My other Bloods results came back with Vit B1 still to come;
Vit E 33umol/L (23-70 umol/L)
Fatty Acids (Free) 0.1mEq/L (0.0-0.6)
I had a low folate a while back don't know what it is now though
Folate 16.5nmol?L (9.0-45.0)
A recent article about Vit B and Immune system made the whole picture even more complex because Vit B12 deficiency is one of the co-incidences in MS;
HOW THE BODY USES VITAMIN B TO RECOGNISE BACTERIAL INFECTION.
Professor Jamie Rossjohn
11 October 2012
Professor Jamie Rossjohn
An Australian research team has discovered how specialised immune cells
recognise products of vitamin B synthesis that are unique to bacteria and
yeast, triggering the body to fight infection.
The finding opens up potential targets to improve treatments or to develop a
vaccine for tuberculosis.
The study, jointly led by the University of Melbourne and Monash University
and published today in the journal Nature, has revealed for the first time
that the highly abundant mucosal associated invariant T cells (MAIT cells),
recognise products of vitamin B synthesis from bacteria and yeast in an
early step to activating the immune system.
The research revealed how by-products of bacterial vitamin synthesis,
including some derived from Folic acid or vitamin B9 and Riboflavin or
vitamin B2, could be captured by the immune receptor MR1 thus fine-tuning
the activity of MAIT cells.
Dr Lars Kjer-Nielsen from the University of Melbourne led the five year
"Humans are unable to make vitamin B and obtain it mostly from diet. Because
bacteria can synthesise vitamin B, our immune system uses this as a point of
difference to recognise infection," he said.
"Given the relative abundance of the MAIT cells lining mucosal and other
surfaces, such as the intestine, the mouth, lungs, it is quite probable that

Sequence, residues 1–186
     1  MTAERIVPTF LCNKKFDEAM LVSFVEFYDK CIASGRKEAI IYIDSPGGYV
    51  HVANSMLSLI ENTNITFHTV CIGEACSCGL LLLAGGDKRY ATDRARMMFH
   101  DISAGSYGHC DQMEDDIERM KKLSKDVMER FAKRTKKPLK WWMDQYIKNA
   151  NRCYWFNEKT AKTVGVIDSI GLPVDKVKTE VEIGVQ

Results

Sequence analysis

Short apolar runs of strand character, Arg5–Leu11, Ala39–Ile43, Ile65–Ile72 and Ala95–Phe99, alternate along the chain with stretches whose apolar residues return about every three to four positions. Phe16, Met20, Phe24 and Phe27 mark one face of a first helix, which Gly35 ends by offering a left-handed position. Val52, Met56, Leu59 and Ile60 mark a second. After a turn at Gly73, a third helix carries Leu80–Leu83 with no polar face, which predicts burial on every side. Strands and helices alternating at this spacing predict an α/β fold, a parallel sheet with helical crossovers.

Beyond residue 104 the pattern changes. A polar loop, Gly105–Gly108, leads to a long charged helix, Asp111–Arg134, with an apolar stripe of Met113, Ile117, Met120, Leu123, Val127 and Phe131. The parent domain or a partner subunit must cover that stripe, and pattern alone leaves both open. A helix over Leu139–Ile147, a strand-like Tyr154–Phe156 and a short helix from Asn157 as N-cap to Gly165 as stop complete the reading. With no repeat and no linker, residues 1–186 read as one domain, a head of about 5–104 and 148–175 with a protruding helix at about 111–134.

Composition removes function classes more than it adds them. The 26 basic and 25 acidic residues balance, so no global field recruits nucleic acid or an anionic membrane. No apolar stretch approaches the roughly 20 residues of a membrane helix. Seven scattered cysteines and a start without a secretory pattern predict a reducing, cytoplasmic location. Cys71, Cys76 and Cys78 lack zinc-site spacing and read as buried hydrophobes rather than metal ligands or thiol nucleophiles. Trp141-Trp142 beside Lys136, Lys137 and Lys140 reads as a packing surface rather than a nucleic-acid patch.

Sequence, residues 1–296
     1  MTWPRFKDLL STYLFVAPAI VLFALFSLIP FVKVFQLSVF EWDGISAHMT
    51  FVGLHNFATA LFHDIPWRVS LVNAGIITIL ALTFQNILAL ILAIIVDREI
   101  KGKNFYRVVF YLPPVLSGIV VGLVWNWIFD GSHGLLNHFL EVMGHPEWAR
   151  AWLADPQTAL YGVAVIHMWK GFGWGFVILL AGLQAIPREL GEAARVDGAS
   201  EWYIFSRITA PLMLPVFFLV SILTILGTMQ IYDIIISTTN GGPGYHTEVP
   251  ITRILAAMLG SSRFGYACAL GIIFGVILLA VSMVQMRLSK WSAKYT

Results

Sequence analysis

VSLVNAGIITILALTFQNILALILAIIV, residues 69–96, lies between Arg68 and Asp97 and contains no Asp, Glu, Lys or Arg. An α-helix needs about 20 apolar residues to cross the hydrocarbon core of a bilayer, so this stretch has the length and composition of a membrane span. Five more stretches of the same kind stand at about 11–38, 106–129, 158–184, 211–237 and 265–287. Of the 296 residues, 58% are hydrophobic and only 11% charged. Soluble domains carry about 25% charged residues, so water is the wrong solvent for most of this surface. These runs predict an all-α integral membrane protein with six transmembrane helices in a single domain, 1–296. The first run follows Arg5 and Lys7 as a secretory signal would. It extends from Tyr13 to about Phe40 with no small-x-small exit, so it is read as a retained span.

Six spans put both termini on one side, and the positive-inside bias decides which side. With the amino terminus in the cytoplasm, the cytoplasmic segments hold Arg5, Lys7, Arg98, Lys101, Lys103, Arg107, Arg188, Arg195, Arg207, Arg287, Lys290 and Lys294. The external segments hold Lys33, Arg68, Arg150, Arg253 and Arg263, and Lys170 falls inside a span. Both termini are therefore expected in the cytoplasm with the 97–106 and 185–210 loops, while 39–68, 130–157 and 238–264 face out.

they play a protective role in many infections from thrush to tuberculosis.
"This is a significant discovery that unravels the long sought target of
MAIT cells and their role in immunity to infection."
Professor James McCluskey of the Department of Microbiology and Immunology
at the University of Melbourne said the discovery opened up opportunities
for vaccine development and other potential therapeutics.
"This is a major breakthrough in which Australian researchers have beaten
many strong research teams around the world, becoming the first to unlock
the mystery of what drives a key component of our immune system," he said.
Monash University's Professor Jamie Rossjohn said the findings had major
implications for understanding the interplay between gut bacteria and the
"Some vitamin by-products appear to drive immunity while others dampen it,"
Professor Rossjohn said.
The next step is to explore whether MAIT cells might also be involved in
intestinal or mucosal disorders such as inflammatory bowel disease and
irritable bowel syndrome.
"This discovery now cracks open a new field in immunology and we can expect
many research groups to focus their attention on this system," Professor
"The discovery also involved collaborators at Melbourne's Bio21 Molecular
Science and Biotechnology Institute, Metabolomics Australia and the
University of Queensland, reflecting the importance of collaboration between
researchers to be globally competitive," Professor McCluskey said.
The research was supported by the Australian Research Council and the
National Health and Medical Research Council of Australia.http://myscienceacademy.org/2012/10/12/ ... infection/